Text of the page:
In this paper we presented a suite of finite element algorithms that can be used for accurate and fast computation of soft tissue deformation for surgical simulation. The basic concept behind these algorithms is the use of the Total Lagrangian formulation for solving finite element problems. The presented algorithms cover issues related to time integration, hourglassing, volumetric locking and contacts. We use fully nonlinear formulation, accounting for large deformations, rigid body motions and material nonlinearities.

Explicit time integration is the preferred method for performing real time simulations. The treatment of nonlinearities is straightforward, without the need for any iterations. Even if the method is only conditionally stable, the material properties of biological soft tissues make possible the use of much larger time steps compared with other engineering applications. Nevertheless, in the case of very large deformations or high deformation speeds, some elements can become highly distorted, leading to a reduction of the critical time step. In such a case, monitoring of the critical time step is required and the simulation time step must be automatically adjusted (if a time accurate solution is needed) or the mass of the distorted elements can be scaled (if only the steady state solution is sought). On a dual core PC this can be done in a separate thread leading to only a slight increase in the computation time.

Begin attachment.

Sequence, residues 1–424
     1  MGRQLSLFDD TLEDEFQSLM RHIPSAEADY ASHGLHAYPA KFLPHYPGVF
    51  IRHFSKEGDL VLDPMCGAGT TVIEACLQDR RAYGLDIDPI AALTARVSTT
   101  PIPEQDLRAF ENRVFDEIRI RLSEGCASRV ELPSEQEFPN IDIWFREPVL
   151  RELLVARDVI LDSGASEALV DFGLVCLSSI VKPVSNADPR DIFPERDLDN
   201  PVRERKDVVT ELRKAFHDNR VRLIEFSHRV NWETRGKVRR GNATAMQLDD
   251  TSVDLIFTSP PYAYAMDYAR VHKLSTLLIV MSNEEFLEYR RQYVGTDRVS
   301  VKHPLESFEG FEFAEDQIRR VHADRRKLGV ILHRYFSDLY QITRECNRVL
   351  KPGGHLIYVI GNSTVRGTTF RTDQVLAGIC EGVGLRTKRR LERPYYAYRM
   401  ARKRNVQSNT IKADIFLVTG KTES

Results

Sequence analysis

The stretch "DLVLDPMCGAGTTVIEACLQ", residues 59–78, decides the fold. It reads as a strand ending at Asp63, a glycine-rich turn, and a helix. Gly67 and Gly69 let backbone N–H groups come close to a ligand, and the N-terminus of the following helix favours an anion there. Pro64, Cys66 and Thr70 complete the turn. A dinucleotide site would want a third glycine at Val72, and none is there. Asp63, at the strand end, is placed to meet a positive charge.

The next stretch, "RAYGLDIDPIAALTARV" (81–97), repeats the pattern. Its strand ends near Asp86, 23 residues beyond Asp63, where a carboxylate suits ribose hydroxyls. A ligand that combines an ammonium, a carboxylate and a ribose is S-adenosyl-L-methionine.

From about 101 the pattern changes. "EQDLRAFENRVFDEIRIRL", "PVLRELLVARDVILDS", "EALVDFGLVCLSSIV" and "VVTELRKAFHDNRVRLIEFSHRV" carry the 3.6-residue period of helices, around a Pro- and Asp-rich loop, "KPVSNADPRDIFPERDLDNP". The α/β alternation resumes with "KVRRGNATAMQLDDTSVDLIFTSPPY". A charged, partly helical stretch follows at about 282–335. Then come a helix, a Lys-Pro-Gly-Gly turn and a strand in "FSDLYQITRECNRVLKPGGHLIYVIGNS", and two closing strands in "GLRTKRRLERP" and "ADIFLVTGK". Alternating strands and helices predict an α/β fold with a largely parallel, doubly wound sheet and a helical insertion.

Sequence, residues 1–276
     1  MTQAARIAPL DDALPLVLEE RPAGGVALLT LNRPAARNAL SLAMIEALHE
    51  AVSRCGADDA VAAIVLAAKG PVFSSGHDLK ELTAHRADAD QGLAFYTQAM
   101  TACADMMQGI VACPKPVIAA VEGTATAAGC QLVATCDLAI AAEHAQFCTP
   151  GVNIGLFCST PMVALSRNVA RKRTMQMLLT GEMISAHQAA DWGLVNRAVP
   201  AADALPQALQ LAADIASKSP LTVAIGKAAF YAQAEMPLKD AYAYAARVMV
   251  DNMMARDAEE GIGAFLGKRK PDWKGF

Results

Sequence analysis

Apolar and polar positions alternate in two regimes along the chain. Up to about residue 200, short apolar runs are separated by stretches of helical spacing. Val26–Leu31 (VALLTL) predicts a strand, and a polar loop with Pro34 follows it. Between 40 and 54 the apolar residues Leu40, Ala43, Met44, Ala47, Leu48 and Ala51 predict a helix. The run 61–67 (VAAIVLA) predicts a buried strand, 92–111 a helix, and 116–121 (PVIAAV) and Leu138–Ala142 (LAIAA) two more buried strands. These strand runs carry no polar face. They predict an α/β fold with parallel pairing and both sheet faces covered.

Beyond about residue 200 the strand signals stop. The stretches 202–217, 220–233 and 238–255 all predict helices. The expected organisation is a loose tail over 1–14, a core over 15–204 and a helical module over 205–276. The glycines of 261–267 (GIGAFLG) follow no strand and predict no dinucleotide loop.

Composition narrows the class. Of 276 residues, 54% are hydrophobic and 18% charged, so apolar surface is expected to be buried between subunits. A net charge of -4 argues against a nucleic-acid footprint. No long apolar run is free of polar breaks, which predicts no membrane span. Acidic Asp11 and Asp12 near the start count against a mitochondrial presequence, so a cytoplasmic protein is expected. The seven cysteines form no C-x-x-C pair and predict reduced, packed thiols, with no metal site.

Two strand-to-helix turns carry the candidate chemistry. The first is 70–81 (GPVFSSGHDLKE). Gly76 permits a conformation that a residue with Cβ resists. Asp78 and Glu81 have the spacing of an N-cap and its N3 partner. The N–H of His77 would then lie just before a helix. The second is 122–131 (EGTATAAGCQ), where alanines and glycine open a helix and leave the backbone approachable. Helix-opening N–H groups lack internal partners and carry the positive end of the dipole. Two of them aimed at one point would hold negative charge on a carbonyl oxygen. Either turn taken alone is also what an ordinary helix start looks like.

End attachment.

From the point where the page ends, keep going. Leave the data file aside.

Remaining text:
A very efficient hourglass control implementation is proposed for the under-integrated hexahedral element. Having only one integration point, this element is very inexpensive from the computational point of view, being a perfect candidate for real time surgical simulations. The possibility to use this type of element and the improved tetrahedral element in mix meshes is a step towards complete automated patient specific surgical simulation.

An improved version of the average nodal pressure tetrahedral element was developed. This improved formulation handles all the elements of the mesh in the same manner (including elements at an interface between materials) and therefore the use of different materials and the implementation in an existing finite element code can be made without difficulties.

We developed a very simple and efficient contact algorithm that can be used for simulating the brain-skull interaction. Because the skull is modelled as a rigid surface, it can be analyzed pre-operatively and many quantities needed for handling the contact can be pre-computed. No parameters are needed for defining the contact (contact thickness, stiffness, etc.) as it only imposes kinematic restrictions on the movement of the brain nodes. Such contact algorithm is needed for intra-operative brain shift simulations when only limited information about the brain surface deformation can be obtained from the craniotomy area.

The simulation examples confirm the speed and accuracy of the presented algorithms. We could compute reaction forces at frequencies of 1 000 Hz for a mesh having more than 2 000 hexahedral elements and perform a full brain shift simulation in less than a minute for a model having more than 50 000 degrees of freedom on a simple PC workstation. The accuracy of our results was demonstrated by comparing them with the results of similar simulations done using much more complex elements and contact algorithms in the commercial finite element software Abaqus and LS-DYNA. Good agreement (differences in displacement of an order of 0.2 mm) with the commercial finite element software results was obtained.

The first author was an IPRS scholar in Australia during the completion of this research. The financial support of the Australian Research Council (Grant No. DP0343112, DP0664534 and LX0560460) and NIH (Grant No. 1-RO3-CA126466-01A1) is gratefully acknowledged.